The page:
Welcome to Lit Review, where columnist Dominiq Wilson will take apart a series of chapbooks to figure out what works and what doesn’t for the modern reader of poetry.
The Spoons in the Grass Are There to Dig a Moat is a collection of prose poetry by Amelia Martens. The summary on the inside of the cover describes the 54-page collection as an “encounter with a world at once familiar and strange,” which I interpreted to have a theme surrounding the before, during, or aftermath of a disaster, natural or man-made. This theme was portrayed through multiple narrative perspectives.
My overall interpretation of the collection can be viewed by the book’s title alone. It has a child-like nature to it, but the action of digging a moat vaguely alludes to the trenches used in warfare. I found that many of the poems, especially those that included a recurring daughter character, switched back and forth between an innocent, childlike perspective and a more blunt and realistic, adult perspective. This can be observed in the poem “Postcard from the End”:
“The war was beautiful when it started. Men hung from streetlights, their bodies pressed to poles to catch a glimpse of paper rockets. For each device: a hundred thousand dollar bills were dipped in glue and wrapped around a blue balloon. Pop-pop. Then steady hands readied rockets filled to the brim with gunpowder. A short fuse fit just through the pinhole, and women drank beer when they’d finish their shiftwork building similar bombs across the street. Children danced on broken glass of classroom windows. They sang songs about flowers and plagues.”
I found the daughter character, who I assume to be Martens’s daughter, very interesting, and found myself rereading the poems that surrounded her train of thought the most. I don’t see being stumped by a poem as a bad thing, because interpretation comes in actively seeking to understand it. In understanding some of these poems, I find that the childlike perspective in them is more present, which leads me to assume that the meaning lies within innocent references. “Bedtime” and “Pink Pigs and Orange Horses” showcases this excellently.
Jesus appeared as a character of sorts throughout the collection, and I enjoyed reading these particular poems—he’s portrayed doing very mundane things. My favorite poem of this type, “In God’s Country,” portrays this perfectly:
“The Messiah works the drive-thru. His fingers tap a touch screen to call up orders of fries, buckets of diet cola, and sides of cinnamon bites. Static voices fill his ears like an ocean. Each demand is translated as a typed command for the team standing over vats of oil boiling in the back.
By his first smoke break, even the hairnet hangs heavy. Out back at the dumpster, he thinks about how to help. How he might offer napkins, thin as onion skins, and sweep the path clear with his palms as he hands over a grease-stained bag.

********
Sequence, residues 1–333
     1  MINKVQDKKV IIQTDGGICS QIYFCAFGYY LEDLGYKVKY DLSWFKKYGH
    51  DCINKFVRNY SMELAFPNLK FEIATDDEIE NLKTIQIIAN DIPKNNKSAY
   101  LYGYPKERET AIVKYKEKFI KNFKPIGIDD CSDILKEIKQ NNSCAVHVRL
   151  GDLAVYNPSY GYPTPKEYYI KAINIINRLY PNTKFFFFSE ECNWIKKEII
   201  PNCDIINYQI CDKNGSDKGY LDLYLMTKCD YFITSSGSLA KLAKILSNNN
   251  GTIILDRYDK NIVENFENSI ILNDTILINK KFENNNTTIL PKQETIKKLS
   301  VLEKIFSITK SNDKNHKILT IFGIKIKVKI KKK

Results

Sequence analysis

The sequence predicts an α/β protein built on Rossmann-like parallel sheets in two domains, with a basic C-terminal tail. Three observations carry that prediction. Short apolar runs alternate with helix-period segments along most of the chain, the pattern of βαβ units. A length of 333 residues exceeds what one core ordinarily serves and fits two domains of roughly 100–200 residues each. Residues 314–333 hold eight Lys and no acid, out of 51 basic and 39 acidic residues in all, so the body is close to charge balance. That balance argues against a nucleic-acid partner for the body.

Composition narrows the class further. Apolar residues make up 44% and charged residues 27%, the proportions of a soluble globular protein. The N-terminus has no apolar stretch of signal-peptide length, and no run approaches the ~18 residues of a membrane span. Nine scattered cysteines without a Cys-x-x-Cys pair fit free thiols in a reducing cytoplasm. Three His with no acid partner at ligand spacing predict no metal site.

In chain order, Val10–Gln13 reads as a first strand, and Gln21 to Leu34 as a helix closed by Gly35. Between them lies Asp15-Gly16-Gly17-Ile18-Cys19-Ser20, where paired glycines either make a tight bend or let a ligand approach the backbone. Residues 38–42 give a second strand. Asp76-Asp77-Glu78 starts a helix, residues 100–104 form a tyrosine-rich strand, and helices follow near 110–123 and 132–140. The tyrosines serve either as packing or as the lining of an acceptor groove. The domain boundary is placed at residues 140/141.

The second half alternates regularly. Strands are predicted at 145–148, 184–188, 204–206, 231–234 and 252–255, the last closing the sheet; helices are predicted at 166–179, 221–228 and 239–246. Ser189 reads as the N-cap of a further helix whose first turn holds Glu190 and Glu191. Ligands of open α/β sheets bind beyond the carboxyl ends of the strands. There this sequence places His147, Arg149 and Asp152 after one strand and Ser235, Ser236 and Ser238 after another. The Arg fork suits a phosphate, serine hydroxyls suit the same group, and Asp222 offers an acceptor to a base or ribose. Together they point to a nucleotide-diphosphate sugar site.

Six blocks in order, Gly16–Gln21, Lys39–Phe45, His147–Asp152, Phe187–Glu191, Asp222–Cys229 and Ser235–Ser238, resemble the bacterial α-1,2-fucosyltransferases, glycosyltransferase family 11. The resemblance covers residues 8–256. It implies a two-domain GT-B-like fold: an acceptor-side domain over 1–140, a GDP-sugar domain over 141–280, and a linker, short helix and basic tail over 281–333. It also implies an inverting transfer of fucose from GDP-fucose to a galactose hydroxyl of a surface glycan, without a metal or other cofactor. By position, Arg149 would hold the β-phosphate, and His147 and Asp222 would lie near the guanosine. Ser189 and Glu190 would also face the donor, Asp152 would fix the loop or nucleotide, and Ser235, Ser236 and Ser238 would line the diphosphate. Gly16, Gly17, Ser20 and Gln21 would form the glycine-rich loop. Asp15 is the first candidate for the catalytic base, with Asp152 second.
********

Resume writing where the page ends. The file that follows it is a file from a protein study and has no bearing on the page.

His window only opens halfway. But it’s enough space for Jesus to look drivers in the eye. Enough time to tell them he knows, they know, we’re all heading uphill to die.”
I am biased in saying that this is my favorite poem because I’ve worked in a drive-thru before. But, I also think that it relates back to the heavenly power Jesus is viewed to have and how he attempts to use it to help us. However, the bleakness of the last sentence deviates from what I know Jesus’s character to be, which I think comes in part from the theme of disaster in this book, as well as the nonplussed attitude of drive-thru employees.
My observation of characters and narrators is heavily reliant on the form of these poems. All of the poems are written in prose style, meaning that they’re formatted to resemble paragraphs and sentences instead of stanzas and lines. As a fan of fiction, it’s almost instinctual to read them as such, but the syntactical difference between standard prose pieces and prose poetry signals the difference in literature. These sentences don’t follow the typical noun-verb rule we were all taught and often reads in a more rhythmic way compared to the average sentence in an essay or young adult fiction novel.
The description of events is almost narrative as well. There are a few poems that address memorable events, such as “Newtown,” which references the Sandy Hook shooting; “Heartwood,” with it’s allusions to the end of the Mayan Calendar (Dec. 26, 2012); “Marathon,” with its semi-obvious references to the Boston Marathon Bombing; and “The Robin Pulls a Thread” which references the clothing factory fire of 2012 in Bangladesh, India.
This collection of poems really makes you think, especially with the difference in perspectives and the recount of notable events. This may not be everyone’s cup of tea, especially if you’re reading poetry at night like me, but I do strongly recommend this book. It’s prose form really helps unfamiliar readers read poetry in a familiar way. In addition to that, I believe that it’s thought-provoking, yet completely enjoyable.
If you’re lucky, you may get a little stumped, but don’t worry too much about it. The Spoons in the Grass are There to Dig a Moat is available in our campus’s library and is also available for purchase online and digitally for under $20. Both options give you plenty of time to work through it.